In addition to these tests, imaging studies may be ordered to evaluate the extent of joint damage or to rule out other types of arthritis. These can include:

    1. Ultrasound: This imaging technique can help visualize uric acid crystals or tophi (deposits of uric acid) in the joints. It is a non-invasive and safe procedure.

    2. X-rays: X-rays may be performed to assess the joint damage caused by gout over time. They can help rule out other types of arthritis and provide a baseline for monitoring disease progression.

    Rheumatologists are specialized in managing gout and can develop a personalized treatment plan based on the patient's symptoms, disease severity, and medical history. Treatment typically involves a combination of lifestyle modifications, medications to relieve pain and inflammation during acute flares, and medications to lower uric acid levels to prevent future flares and joint damage.

    It is important to consult a local rheumatologist if you suspect you may have gout or if you have been diagnosed with gout and need ongoing management and treatment. They can provide expert care and guidance to help manage the condition effectively and improve your quality of life. Remember to verify the information provided by contacting the healthcare providers directly, as network participation and availability can vary over time. Find local massage therapists  and  physiotherapists and personal trainers to help with strength and conditioning if you are experiencing arthritis.

  • Managing & Treating Gout

    Managing gout involves keeping uric acid levels within a healthy range and taking steps to prevent gout attacks. Here are some key points to consider:

    1. Diet: Avoiding or limiting foods high in purines can help reduce uric acid levels. Purines are found in high amounts in meats, fish, seafood, and some alcoholic beverages. Limiting consumption of these foods and opting for low-purine alternatives can be beneficial. It's also important to stay hydrated by drinking plenty of water.

    2. Medications: Gout treatment typically involves addressing the immediate pain and swelling during an attack and then managing uric acid levels to prevent future attacks. Non-steroidal anti-inflammatory drugs (NSAIDs), such as ibuprofen, can help reduce inflammation and pain. Colchicine and corticosteroids may also be prescribed to manage acute gout attacks. Long-term management often includes medications like allopurinol or febuxostat to lower uric acid levels and prevent future attacks.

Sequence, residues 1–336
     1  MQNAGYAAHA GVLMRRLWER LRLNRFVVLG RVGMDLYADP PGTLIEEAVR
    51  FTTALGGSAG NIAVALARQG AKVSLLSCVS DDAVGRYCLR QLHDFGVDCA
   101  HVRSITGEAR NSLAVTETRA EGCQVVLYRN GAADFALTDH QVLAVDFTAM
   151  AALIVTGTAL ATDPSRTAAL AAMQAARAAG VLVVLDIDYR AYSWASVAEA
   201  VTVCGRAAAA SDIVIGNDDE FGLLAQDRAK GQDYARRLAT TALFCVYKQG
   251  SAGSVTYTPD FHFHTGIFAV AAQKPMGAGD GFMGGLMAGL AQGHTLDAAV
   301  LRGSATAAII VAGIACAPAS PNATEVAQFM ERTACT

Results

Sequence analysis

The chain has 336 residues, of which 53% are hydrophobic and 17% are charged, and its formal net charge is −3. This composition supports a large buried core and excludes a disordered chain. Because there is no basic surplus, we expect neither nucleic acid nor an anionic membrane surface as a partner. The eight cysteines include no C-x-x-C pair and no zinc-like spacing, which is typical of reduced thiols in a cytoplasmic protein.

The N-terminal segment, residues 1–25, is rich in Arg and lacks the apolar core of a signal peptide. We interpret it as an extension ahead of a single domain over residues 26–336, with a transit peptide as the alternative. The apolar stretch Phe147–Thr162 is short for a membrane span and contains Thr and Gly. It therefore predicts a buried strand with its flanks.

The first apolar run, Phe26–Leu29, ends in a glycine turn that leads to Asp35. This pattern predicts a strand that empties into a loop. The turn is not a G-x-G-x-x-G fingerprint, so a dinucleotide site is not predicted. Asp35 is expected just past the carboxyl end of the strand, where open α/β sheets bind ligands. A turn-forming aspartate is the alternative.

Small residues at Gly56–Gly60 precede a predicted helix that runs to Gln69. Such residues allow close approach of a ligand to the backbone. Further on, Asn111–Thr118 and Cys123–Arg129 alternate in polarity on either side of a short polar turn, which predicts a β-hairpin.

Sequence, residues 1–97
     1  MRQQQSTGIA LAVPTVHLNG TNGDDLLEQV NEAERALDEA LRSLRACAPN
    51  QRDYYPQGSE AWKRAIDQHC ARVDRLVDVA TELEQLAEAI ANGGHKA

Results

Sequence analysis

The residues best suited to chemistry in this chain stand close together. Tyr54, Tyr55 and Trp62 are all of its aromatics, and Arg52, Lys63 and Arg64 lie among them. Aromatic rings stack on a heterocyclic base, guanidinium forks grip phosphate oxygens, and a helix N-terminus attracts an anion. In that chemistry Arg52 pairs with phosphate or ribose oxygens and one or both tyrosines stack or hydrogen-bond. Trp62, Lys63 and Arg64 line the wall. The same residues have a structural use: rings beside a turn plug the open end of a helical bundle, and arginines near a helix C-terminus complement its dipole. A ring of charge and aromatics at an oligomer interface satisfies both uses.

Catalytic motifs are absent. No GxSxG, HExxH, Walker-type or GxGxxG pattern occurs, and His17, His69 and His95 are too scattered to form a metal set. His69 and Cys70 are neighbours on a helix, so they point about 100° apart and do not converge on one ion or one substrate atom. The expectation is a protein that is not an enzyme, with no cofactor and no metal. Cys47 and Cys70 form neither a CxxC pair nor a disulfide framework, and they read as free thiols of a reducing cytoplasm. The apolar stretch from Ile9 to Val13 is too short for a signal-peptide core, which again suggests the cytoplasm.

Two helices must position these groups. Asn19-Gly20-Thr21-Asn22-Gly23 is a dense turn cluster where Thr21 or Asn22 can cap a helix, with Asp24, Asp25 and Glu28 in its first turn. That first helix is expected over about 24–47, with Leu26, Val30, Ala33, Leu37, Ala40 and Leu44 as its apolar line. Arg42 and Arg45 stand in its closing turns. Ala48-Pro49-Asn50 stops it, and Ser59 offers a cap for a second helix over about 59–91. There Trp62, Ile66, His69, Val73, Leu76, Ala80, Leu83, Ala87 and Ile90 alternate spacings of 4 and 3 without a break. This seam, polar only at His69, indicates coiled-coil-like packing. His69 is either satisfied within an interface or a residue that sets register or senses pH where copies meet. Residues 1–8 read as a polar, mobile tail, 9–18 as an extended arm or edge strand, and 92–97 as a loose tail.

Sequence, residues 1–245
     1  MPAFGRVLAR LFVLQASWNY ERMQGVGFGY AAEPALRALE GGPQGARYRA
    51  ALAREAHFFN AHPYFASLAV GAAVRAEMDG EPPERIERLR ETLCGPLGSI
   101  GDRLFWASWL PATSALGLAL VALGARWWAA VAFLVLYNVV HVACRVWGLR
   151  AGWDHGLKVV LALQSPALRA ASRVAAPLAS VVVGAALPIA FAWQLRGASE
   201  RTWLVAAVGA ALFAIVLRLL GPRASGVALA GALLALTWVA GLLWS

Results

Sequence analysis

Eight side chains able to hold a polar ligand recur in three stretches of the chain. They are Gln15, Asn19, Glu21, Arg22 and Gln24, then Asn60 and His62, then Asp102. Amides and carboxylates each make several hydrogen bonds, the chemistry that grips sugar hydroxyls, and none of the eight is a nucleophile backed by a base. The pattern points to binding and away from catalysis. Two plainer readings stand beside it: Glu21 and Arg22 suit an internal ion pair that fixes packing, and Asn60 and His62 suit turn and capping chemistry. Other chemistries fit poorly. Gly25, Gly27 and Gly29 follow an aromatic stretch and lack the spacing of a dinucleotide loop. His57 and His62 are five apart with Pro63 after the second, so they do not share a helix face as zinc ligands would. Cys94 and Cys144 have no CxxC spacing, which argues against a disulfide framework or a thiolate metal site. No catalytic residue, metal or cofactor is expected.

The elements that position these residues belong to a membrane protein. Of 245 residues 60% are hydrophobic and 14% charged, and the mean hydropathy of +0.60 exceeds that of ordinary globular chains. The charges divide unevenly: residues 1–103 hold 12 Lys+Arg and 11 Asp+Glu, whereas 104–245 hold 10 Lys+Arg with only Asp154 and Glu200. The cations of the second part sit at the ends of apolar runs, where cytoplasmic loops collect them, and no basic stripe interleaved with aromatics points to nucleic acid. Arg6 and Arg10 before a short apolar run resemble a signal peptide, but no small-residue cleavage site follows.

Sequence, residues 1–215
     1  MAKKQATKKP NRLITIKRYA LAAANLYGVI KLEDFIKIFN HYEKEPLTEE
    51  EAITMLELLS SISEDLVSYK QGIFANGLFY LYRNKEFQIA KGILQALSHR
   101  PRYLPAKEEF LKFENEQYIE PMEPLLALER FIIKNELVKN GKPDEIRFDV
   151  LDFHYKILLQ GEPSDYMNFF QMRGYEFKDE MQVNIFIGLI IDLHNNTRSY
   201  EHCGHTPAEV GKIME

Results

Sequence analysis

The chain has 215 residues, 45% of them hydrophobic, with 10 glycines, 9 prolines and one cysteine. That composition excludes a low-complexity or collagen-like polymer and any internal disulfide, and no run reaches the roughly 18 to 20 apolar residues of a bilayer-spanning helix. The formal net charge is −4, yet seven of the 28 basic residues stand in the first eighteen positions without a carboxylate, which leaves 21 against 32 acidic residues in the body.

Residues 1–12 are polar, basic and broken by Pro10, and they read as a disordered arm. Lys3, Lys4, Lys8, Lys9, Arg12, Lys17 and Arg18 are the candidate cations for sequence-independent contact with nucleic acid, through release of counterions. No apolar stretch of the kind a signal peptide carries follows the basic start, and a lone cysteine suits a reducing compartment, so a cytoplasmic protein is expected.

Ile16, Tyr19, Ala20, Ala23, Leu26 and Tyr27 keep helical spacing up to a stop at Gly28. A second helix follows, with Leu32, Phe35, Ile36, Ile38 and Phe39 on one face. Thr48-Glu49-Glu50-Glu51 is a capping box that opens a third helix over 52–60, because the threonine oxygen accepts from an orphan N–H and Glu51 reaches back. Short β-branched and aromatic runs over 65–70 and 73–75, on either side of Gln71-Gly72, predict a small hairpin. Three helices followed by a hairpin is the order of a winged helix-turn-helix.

3. Healthcare Professionals: Gout management often requires collaboration with healthcare professionals. A rheumatologist is a specialist who can diagnose and provide treatment options for gout. They may also refer patients to other healthcare providers such as a family physician, registered dietitian, or physiotherapist, depending on the individual's needs.

    4. Lifestyle Changes: Maintaining a healthy body weight is crucial for gout management. Excess weight can contribute to higher uric acid levels and increase the risk of gout attacks. Regular exercise, a balanced diet, and avoiding excessive alcohol consumption can all contribute to maintaining a healthy weight.

    5. Prevention Therapy: Some individuals may require preventive medication to keep uric acid levels in check. These medications are taken daily to reduce the risk of gout attacks. If uric acid levels remain high despite preventive therapy, acute drugs may be prescribed for a period of time to manage the symptoms.

    It's important for individuals with gout to work closely with their healthcare team to develop a personalized management plan that suits their specific needs. This may include a combination of lifestyle modifications, medication, and regular monitoring of uric acid levels to effectively manage gout and prevent future attacks.

    The physicians are in good standing with the College of Physicians and Surgeons of Canada,  Canadian Rheumatology Association and the Canadian Medical Association

    Key Words: Ankylosing spondylitis (AS), Rheumatoid arthritis (RA), Psoriatic arthritis (PsA), Raynaud's phenomenon and  Hip replacement,